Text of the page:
ABOUT THE MORICE
The upper Morice River watershed is the heart of Wet’suwet’en territory and a freshwater haven to many fish species, including Pacific salmon (except chum), as well as many other aquatic flora and fauna. The Morice Water Management Area (MWMA) was created following the Morice Land and Resource Management planning process and is the focal area for Morice Watershed Monitoring Trust activities.
The desired outcome of the MWMA (as stated in the Morice LRMP) is:
‘To ensure that the habitat and water quality supporting salmon and other fish is not negatively impacted.’
Goals relevant to the MWMA have been developed during negotiation of Government-to-Government Agreements between the Province and Office of the Wet’suwet’en and the Morice LRMP process. In addition, management goals have been created through funding agreements and in developing a variety of management and issue-specific plans. The following initial goals and management questions for the MWMA were developed during the Implementation sessions in 2007-2008:
- Water quality and quantity suitable to sustain the health and well-being of the Wet’suwet’en (the intent being the protection of water quality, hydrologic integrity and salmon habitat);
- Water quality that supports aquatic life at a reference state;
- Sustainable water use practices; and
- Integrated land and water resource planning that utilizes the Wet’suwet’en Territorial Stewardship Plan.
ABOUT THE TRUST
During the Morice Land and Resource Management Plan (LRMP) planning process, the Wet’suwet’en chiefs voiced their interest in the protection of the upper Morice River watershed – the heart of the Wet’suwet’en traditional territory. The stated interests include maintaining the quantity and quality of country foods produced in this particular part of their territories, including water, in prime condition and free from contamination.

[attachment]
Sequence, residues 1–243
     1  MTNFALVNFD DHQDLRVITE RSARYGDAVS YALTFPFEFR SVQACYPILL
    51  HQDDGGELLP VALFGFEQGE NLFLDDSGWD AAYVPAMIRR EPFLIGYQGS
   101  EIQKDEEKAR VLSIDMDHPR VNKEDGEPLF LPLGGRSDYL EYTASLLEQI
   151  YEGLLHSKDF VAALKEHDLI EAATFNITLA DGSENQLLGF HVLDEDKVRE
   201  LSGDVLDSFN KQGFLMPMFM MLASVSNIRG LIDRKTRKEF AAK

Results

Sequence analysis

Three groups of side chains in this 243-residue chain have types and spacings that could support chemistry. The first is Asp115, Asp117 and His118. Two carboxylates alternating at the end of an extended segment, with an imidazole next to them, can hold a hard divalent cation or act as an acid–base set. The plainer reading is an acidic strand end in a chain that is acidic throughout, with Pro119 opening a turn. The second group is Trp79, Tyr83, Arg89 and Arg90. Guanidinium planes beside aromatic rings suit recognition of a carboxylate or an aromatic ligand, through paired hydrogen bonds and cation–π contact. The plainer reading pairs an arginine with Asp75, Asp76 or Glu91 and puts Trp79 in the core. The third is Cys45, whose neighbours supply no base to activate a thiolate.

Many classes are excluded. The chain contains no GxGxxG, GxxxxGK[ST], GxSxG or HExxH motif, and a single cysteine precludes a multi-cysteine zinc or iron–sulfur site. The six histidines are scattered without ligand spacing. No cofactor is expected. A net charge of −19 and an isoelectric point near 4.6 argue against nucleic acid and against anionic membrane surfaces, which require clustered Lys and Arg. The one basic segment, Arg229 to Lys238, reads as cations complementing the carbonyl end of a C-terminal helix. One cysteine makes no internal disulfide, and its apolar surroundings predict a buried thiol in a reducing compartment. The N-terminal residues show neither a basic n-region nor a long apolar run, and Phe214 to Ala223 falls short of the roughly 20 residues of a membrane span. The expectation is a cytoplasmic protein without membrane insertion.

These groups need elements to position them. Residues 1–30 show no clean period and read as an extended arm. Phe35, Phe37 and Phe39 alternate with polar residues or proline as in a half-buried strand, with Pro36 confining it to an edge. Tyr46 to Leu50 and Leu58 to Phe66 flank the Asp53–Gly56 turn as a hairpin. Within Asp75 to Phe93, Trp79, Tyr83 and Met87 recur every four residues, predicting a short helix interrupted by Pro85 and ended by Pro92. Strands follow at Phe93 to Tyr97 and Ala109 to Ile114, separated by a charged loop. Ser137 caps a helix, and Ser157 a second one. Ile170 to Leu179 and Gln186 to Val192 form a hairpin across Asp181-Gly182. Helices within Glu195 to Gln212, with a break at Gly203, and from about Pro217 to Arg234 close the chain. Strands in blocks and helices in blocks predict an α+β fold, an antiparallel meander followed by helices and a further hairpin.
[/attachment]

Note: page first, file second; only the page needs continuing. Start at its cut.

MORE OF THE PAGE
The result of a collaborative effort between the provincial government of BC and the Wet’suwet’en is reflected in the creation of the Morice Water Management Area (MWMA) within the upper reaches of the watershed. Upon release of the LRMP in 2007 and signing of agreements between the Office of the Wet’suwet’en and the Province, there was significant activity by both parties to develop an assessment framework and operational plan for the MWMA, which included an initial year of water quality monitoring in 2008.
Since 2008, there have been independent monitoring activities undertaken in the watershed by the Province, the Office of the Wet’suwet’en, and industry. Establishment of the Morice Watershed Monitoring Trust (‘Morice Trust’) began in 2012 following a generous grant from the Gordon and Betty Moore Foundation. In October 2015, monthly baseline water quality data collection began in the MWMA and continues into 2016.
ABOUT our trustees
DAVID DE WIT
Natural Resources Department Manager for the Office of the Wet'suwet'en
David de Wit is a Wet’suwet’en member of the Laksilyu Clan, belonging to the House on Top of Flat Rock (Tsekalbaiyex). David is the Natural Resources Department Manager for the Office of the Wet’suwet’en, representing the Wet’suwet’en Hereditary Chief’s vision for their territories, working as one for the betterment of all. David studied Integrated Resource Management in British Columbia and completed a Biology Degree at the University of Calgary.
His background involves wildlife habitat assessment, sensitive ecosystem preservation and wildlife corridor design. David is also actively involved in a number of local groups to facilitate interests of the Wet’suwet’en. Some of these groups include: Wetzin’kwa Community Forest Board of Directors, and the Northwest Community College School of Exploration and Mining Advisory Committee.
Ministry of Environment